As you may have noticed in the last entry, we posted the photo of which the design was inspired by. There were a few alternate design routes we almost took during the concept stage. I’ll be posting those, along with other pics of the process just so you can get a better idea of how we searched and found Hariti.

She, along with her mission, have already made her way into my heart. I’m certain her crusade will be felt worldwide. It feels good to know that we are one step closer to making this a thing of the past….until then, let’s spread the word and unite in this worthy cause.

* * *

For us, rug design is to take our own western aesthetics and have them interpreted in the exquisite age old craft of rug making. The dichotomy that takes place when east meets west is what makes this process so distinct. The rug is a result of two cultures coming together - both using their own sense of style in a combined synergistic approach.

Initial Concept:

Hariti - Final Concept:

Here is a selection of yarn tufts, used in the Hariti rug, inspired by the vibrant colours often seen on the streets of Nepal.

The first samples arrive…a very exciting part of the process as this is where we make the adjustments to ensure our vision is met for the final rug.

Thanks for taking the time to stop by our blog. Check again soon for the next update on Hariti.

Friday, June 6, 2008


Welcome to the “official” Creative Matters blog, narrated today, by me, Erin DeMille. Creative Matters is a custom carpet design and manufacturing company situated in the West end of Toronto. We’re a hidden gem actually. Let me give you the low down on us.

Creative Matters is owned by a couple of brilliant and talented women. They set out “to be responsible for the most exceptional custom made carpets possible, utilizing the highest principles of design and production standards, in the spirit of excellence, professionalism and integrity.” Well, 20 years and thousands of beautiful custom carpets later, Donna Hastings and Carol Sebert are still at it, breaking designers hearts everywhere they go.

That’s why you’re here, actually, reading this little blog. Exciting things are happening here, in celebration of our 20th birthday. Last week, Carol and Donna were excited to officially announce their participation as a Licensed Importer and member of RugMark, a nonprofit based in Washington who works relentlessly to end child labour in the carpet industry and raise awareness of this hideous problem.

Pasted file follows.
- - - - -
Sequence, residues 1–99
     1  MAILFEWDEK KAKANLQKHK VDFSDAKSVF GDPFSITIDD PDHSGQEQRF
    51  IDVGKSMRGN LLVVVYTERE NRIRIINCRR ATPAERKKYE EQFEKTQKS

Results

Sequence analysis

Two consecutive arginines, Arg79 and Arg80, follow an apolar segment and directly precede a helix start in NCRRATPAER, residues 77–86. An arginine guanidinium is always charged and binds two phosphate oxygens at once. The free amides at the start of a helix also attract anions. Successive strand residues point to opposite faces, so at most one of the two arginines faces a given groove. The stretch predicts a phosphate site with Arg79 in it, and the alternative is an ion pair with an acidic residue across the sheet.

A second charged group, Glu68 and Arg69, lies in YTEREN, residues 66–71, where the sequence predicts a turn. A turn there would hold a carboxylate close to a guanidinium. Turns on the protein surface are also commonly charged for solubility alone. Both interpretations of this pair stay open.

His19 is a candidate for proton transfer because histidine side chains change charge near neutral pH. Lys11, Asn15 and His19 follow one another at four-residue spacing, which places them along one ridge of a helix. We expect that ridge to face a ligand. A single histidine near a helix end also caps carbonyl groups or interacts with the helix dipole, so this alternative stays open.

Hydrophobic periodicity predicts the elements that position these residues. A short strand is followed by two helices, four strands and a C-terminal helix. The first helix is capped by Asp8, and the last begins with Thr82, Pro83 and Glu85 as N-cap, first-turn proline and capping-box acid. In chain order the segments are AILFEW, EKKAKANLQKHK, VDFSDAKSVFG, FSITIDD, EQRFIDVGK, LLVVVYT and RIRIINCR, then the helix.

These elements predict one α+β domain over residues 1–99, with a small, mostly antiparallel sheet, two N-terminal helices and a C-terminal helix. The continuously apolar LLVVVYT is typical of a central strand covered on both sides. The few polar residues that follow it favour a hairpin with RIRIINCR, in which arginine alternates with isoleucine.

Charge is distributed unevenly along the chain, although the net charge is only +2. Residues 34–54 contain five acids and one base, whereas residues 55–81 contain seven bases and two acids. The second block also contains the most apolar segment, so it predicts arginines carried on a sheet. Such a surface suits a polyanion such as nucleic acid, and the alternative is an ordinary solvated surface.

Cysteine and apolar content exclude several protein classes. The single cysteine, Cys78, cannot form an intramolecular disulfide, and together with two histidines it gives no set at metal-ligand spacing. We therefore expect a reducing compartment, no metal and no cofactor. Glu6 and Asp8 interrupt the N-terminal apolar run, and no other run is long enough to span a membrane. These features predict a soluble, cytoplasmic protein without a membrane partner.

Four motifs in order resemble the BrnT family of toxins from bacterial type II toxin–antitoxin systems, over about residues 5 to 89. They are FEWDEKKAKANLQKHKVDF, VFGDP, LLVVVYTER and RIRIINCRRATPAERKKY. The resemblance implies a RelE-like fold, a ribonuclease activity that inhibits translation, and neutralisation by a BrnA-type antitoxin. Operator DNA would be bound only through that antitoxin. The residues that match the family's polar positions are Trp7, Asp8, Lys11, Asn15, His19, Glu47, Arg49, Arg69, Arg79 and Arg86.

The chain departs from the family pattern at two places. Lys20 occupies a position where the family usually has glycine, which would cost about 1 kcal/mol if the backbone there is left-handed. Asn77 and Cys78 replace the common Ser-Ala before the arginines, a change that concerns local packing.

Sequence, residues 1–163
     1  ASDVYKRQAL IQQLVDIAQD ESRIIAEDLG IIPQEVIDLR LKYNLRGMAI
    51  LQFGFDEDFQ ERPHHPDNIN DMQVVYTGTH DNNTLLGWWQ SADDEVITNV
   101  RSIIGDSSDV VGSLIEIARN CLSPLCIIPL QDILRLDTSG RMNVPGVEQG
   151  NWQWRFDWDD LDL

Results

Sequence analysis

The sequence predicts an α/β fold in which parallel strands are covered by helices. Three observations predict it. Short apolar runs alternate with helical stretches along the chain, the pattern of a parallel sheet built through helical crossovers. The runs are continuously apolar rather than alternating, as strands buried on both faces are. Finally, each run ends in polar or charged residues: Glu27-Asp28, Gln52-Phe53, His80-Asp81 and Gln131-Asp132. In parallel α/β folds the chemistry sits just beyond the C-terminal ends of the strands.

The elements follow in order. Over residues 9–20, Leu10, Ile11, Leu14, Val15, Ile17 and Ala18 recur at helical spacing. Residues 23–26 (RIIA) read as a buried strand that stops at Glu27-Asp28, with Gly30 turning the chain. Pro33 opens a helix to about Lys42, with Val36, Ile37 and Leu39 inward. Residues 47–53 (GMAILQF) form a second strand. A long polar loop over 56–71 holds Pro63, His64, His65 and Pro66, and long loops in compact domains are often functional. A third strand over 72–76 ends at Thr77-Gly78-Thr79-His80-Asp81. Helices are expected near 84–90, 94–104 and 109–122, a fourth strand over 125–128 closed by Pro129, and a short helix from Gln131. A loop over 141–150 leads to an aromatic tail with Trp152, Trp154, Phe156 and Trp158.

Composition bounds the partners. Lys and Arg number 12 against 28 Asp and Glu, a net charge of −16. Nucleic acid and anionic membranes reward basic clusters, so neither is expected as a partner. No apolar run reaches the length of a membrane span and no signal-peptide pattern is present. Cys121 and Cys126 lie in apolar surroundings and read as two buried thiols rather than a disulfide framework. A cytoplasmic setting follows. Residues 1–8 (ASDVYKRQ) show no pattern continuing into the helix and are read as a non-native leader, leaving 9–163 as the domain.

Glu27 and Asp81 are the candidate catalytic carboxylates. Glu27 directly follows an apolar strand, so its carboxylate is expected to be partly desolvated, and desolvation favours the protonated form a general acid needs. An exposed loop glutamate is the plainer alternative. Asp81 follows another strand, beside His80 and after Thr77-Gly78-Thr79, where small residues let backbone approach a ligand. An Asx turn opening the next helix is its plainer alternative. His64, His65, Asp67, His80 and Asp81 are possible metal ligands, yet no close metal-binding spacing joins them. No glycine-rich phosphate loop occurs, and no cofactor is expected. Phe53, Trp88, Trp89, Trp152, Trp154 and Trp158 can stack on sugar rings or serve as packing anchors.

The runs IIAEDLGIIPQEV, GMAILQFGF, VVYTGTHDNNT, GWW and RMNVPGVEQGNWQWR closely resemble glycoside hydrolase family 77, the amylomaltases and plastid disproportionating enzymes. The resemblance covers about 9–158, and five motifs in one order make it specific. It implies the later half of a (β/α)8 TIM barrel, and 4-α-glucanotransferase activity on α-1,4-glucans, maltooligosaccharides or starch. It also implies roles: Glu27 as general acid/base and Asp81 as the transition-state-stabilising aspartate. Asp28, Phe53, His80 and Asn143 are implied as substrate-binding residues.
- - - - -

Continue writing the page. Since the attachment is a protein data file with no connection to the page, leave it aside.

Basically, a portion of the proceeds of our hand-knotted rugs helps to fund the amazing work RugMark does in increasing consumer (and world) awareness and seriously addressing the issue of child labour in the carpet industry. In addition to this, our membership ensures that a portion of our sales goes towards the education and rehabilitation of former child weavers.

And what is a 20th birthday, without a party? So, to celebrate life, design, beautiful carpets and beautiful causes, we here at CMI have decided to create a rug. Along their travels to Nepal, Carol and Donna have documented their experiences with lovely photos of the country, the people and their stunning art of hand-knotted carpet making.

One of these photos, of a young Tibetan girl, is the inspiration for a beautiful hand-knotted, silk and wool carpet. The rug, entitled Hariti (Tibetan for “protectress of children”), will be featured in this year’s annual RugMark raffle to raise money for the organization’s mission. Of course, it will be certified child-labour-free by RugMark and 100% of the proceeds will donated to the plight.

Over the next 5 months, the team will be updating the blog. During the rug’s two-month creation we’ll be posting progress reports and images, following Hariti on her journey from Nepal to her new home – that is yet to be revealed…maybe your livingroom? Raffle tickets will go on sale in early September. Stay tuned…